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Raw Diet for Dogs–A Brief Introduction

by Tasha Ardalan:

Succinctly put, the raw diet as it pertains to dogs and cats is an anthropological approach to feeding our domesticated four-legged friends.  The main objective of the raw diet is to provide nutritional well-being with foods that would have been consumed by dogs and cats prior to commercial pet food, even prior to domestication.  Proper nutrition is paramount in ensuring your pet’s quality of life.  “Going raw” is an easy, cost-effective option to give your beloved pet a healthy and happy life.  And, by making the food yourself, you eliminate nutritionally void fillers such as corn, wheat, mystery “meat by-product,” artificial colors, artificial flavors, and preservatives.

Feeding Guidelines:


Puppies under 12 months of age:  Feed a total of approximately 10% of their body weight, divided into three or four meals throughout the day.  Adult Dogs: Feed 2-3% of body weight, divided into two meals.  Very active dogs may need to eat more.  Eating smaller portions prevents dogs from eating too quickly, reducing the risk of bloating (also known as gastric dilatation), a deadly condition.

Freeze meat or fish for 2 days (to kill any parasites that might be present) and defrost overnight in the refrigerator to ensure food safety.  To save time and make feeding more convenient, prepare and measure meals ahead of time; store individual meals in the freezer; then defrost over night in the fridge as needed.  Basic Ratio:  3 parts meat, 1 part vegetable, 1/8 part organ meat*.

Raw Diet Basics:  Protein source (chicken, beef, lamb, fish**, eggs), vegetables (cauliflower, carrot, red cabbage, peas), fat (avocado/avocado oil, grapeseed oil***, olive oil, wild salmon oil), calcium (powdered goat milk, goat milk yogurt, cottage cheese).

Tools you will need to get started:

  • grater
  • grapefruit seed extract ~ excellent disinfectant, great natural antimicrobial agent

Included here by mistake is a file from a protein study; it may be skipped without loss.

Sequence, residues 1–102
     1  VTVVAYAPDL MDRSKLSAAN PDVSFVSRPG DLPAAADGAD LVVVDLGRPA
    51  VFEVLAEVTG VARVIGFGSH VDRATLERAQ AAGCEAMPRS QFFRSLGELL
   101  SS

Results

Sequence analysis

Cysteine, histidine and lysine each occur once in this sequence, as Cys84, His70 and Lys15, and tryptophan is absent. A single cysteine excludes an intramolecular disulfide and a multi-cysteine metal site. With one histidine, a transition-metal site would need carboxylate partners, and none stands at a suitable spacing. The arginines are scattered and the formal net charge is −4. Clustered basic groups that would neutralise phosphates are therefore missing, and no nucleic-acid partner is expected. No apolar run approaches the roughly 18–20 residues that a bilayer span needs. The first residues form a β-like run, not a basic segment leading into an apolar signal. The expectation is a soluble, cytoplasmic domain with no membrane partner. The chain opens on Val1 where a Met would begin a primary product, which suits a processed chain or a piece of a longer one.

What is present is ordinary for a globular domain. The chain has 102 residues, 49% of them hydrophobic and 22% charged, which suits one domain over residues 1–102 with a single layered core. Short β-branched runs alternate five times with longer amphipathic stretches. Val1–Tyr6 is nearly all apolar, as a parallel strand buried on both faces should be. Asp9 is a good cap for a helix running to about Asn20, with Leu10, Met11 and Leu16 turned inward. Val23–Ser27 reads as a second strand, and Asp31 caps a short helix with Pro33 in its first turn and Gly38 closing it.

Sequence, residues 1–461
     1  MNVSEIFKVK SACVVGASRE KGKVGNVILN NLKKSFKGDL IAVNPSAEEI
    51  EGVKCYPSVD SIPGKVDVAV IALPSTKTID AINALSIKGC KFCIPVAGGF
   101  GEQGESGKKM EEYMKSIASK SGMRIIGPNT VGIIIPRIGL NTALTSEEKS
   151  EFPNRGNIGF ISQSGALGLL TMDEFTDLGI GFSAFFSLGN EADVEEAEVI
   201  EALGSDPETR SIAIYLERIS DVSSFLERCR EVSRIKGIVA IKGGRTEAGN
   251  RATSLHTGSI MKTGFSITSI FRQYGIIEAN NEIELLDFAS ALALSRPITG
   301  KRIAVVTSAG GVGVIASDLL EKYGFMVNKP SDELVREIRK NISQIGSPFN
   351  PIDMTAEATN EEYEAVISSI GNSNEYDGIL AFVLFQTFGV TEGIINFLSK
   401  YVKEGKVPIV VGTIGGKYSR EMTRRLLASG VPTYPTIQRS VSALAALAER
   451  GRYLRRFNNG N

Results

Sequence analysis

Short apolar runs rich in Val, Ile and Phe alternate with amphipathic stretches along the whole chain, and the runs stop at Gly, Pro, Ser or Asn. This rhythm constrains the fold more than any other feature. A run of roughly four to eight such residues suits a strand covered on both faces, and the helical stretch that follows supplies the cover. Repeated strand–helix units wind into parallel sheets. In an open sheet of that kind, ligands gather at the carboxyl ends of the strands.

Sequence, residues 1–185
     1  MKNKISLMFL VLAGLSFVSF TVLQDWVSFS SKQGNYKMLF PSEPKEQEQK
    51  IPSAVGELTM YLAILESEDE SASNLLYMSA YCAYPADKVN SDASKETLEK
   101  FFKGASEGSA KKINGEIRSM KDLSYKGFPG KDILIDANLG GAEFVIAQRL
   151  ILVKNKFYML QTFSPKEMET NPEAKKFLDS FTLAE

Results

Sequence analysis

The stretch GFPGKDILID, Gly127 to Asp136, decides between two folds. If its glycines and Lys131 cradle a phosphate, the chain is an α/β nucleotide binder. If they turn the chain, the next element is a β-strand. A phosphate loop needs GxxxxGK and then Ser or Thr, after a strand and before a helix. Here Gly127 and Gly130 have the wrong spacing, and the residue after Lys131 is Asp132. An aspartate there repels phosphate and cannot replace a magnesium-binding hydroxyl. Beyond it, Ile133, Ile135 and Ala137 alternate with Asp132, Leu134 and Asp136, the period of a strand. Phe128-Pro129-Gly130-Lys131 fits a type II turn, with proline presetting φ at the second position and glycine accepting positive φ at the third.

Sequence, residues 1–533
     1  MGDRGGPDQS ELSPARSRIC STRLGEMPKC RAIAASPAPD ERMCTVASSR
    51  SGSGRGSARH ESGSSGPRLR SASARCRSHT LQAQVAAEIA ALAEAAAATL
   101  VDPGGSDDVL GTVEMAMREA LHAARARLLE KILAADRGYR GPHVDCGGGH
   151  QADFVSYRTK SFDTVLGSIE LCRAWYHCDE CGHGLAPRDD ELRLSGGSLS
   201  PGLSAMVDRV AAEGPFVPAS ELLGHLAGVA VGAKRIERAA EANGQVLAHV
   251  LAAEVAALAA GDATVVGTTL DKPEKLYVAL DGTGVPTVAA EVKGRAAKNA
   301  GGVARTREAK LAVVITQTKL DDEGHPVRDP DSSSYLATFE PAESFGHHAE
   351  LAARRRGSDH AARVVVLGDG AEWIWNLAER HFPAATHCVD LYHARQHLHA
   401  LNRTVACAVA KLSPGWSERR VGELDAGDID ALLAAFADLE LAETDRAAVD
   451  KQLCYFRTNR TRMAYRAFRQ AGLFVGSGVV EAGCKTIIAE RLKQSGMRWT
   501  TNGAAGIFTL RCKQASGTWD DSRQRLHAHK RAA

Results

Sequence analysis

• large mixing bowl
  • large spoon
  • sharp knife
  • wooden cutting board ~ more sanitary than plastic****
  • Optional: food processor


Recipe #1: The Introduction​    

3 parts meat, 1 part vegetable

beef chuck or fish

red cabbage, shredded

carrots, grated

sweet potato, steamed and mashed

¼ c. oatmeal, cooked

3-5 strawberries, mashed

½  tsp. cinnamon (digestive aid & regulates blood glucose)

Yogurt with live cultures, goat milk if available


nutritional yeast

mashed avocado


Cut meat  into small chunks or put in food processor.  Mix all remaining ingredients together. Divide into portions appropriate for your dog’s size.  Serve with a dollop of yogurt or cottage cheese, and a sprinkle of nutritional yeast.

To Sanitize Utensils and Mixing Bowl:  After washing, fill bowl with hot water and add a few drops of grapefruit seed extract.  Place utensils into hot liquid solution and let sit for 5-10 min. Drain and air dry.

Pet Do Not Consume List:

  • Raw Pork ~ risk of trichinosis
  • Onion/Garlic ~ causes hemolitic anemia: kill dose varies from pet to pet
  • Grapes/Raisins ~ causes acute renal failure
  • Chocolate ~ theobromine is the toxic component of chocolate.  White chocolate is generally safe because it is made from cocoa butter, which has a very low concentration of theobromine.
  • Macadamia Nuts ~ consumption results in macadamia nut toxicosis.  Symptoms:  inability to stand, ataxia (walking wobbly), depression, vomiting, muscle tremors, hyperthermia (elevated body temperature), weakness, and an elevated heart rate.
  • Xylitol ~ found in sugar free candy, can cause liver damage and death in dogs

Immediately call the  National Animal Poison Control Center (1-888-426-4435) if your pet ingests any of the aforementioned foods.

*Organ meat should be fed only 2 -3 times/week.  Liver and heart are so nutrient rich that they need not be eaten daily.

**Do not feed raw salmon to your pet unless it is sushi grade.  Salmon Poisoning Disease is a lethal parasitic infection.

***Grapeseed oil has not been shown harmful to pets even though grapes and raisins are very toxic to them.

****iv Park, P. K., and D. O. Cliver. 1997. Cutting boards up close.  Food Quality 3(Issue 22, June-July): 57-59.


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